When it was announced back in March that Luca, the terrific new offering from Pixar, was going to stream exclusively on Disney+ with no upcharge, reports came out that those who worked hard on the project were upset with the decision. Sure, Soul debuted for “free” on the streaming platform last holiday season when the pandemic still had movie theaters closed nationwide but that seemed to be a one-time Christmas present from Bob Iger to the world. Starting with Mulan last fall, three movies have carried the Premier Access tag so far with two coming next month and while I’m sure Pixar creatives don’t want to shake down families for an extra $30 on top of a monthly subscription, making their films “free” inherently devalues their worth by comparison. Ironically, the quality of Pixar’s latest works has dwarfed that of the Premier Access titles thus far.
The story centers around teenaged Luca (Jacob Tremblay), an inquisitive sea monster living underwater below the Italian town of Portorosso with his overprotective mom (Maya Rudolph) and dad (Jim Gaffigan). Growing tired of his simple life herding bug-eyed goatfish, he follows the adventurous Alberto (Jack Dylan Grazer) to land one day as they magically transform into human teenagers once they remove themselves from the water. The two become fast friends, gathering “human stuff” like the Magic Singing Lady Machine (their name for a phonograph) while pining for the pinnacle of adolescent freedom: a Vespa scooter. Along the way, Luca and Alberto meet booksmart Giulia (Emma Berman) and her intimidating father Massimo (Marco Barricelli), a fisherman who has tangled with mythical sea monsters during his career.
On the surface, Luca has obvious Disney touchstones from The Little Mermaid to Finding Nemo but I was impressed by how much Studio Ghibli inspiration could be found, especially from works like Spirited Away and Ponyo. Like those two Miyazaki features, this Pixar outing considers the beauty of friendship and the innocence of childhood against the backdrop of cultural and familial constraints. As excellent as last year’s Soul was, it was a philosophically dense meal that was aimed more at adults as opposed to younger audiences. Though Luca is far from an immature or trivial movie, it may be the most “kid-friendly” non-sequel Pixar has made since The Good Dinosaur, though the execution and story in this film is structurally more sound and sophisticated.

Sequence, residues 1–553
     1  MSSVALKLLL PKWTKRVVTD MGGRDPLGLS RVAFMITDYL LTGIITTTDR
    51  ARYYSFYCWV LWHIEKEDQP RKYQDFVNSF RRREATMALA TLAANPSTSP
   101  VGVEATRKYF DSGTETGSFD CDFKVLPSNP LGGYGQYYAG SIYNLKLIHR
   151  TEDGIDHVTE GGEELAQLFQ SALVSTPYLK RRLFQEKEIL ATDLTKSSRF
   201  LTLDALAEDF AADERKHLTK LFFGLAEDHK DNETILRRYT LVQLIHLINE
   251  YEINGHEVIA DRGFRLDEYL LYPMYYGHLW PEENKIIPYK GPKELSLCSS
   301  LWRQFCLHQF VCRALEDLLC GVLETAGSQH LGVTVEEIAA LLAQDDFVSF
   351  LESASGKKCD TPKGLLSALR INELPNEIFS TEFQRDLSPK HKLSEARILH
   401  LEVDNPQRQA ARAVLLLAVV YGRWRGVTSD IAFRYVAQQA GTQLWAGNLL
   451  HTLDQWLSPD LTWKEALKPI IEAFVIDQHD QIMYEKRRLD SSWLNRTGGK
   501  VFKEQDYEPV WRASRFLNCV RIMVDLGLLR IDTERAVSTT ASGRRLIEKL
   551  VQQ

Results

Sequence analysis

As is the common but still necessary refrain for Pixar films, the animation here is not just breathtaking but somehow even life-affirming in its impeccable beauty. Using the idyllic Italian Riviera as a canvas, director Enrico Casarosa and his animation team recall every inch of the coastal towns and the sparkling sea that surrounds them in vivacious detail. Somewhere in between Finding Nemo‘s vibrancy and The Good Dinosaur‘s photorealism, the style here resembles a postcard from a family member or friend discovering a new part of the world for the first time. Ratatouille‘s Remy the rat would also drool at the delectable dishes prepared by Massimo, primarily pesto pasta concoctions so tasty that the trio of teenagers literally eat them by the handful.
The voice cast has quite a few first-time actors and actresses but is anchored by young but established talents like Tremblay and Grazer, the latter of whom does some outstanding voice work here. His voice has dropped an octave or two since his role in 2019’s Shazam! and it’s a perfect fit for a big brother type whose experience and zest for life are infectious and winning. Sacha Baron Cohen also steals an early scene as Uncle Ugo, a cantankerous anglerfish whose presence threatens Luca with his potential banishment to the deep sea if he keeps up his curiosity for “land monsters” and their dwellings. Even though travel is becoming more popular as the threat of COVID-19 subsides, Luca is a summer vacation in which you can partake without even leaving your couch.
Score – 4/5
More new movies coming this weekend:
Coming only to theaters is The Hitman’s Wife’s Bodyguard, an action comedy starring Ryan Reynolds and Samuel L. Jackson continuing the story of a bodyguard and his hitman associate whose wife has recently been kidnapped.
Also playing in theaters exclusively is 12 Mighty Orphans, a sports drama starring Luke Wilson and Martin Sheen telling the true story of a high school football coach leading a scrappy team of underdogs to the state championship during the Great Depression.
Debuting on Netflix is Fatherhood, a family dramedy starring Kevin Hart and Alfre Woodard about a recently widowed father who struggles to raise his daughter after the unexpected death of his wife.
Reprinted by permission of Whatzup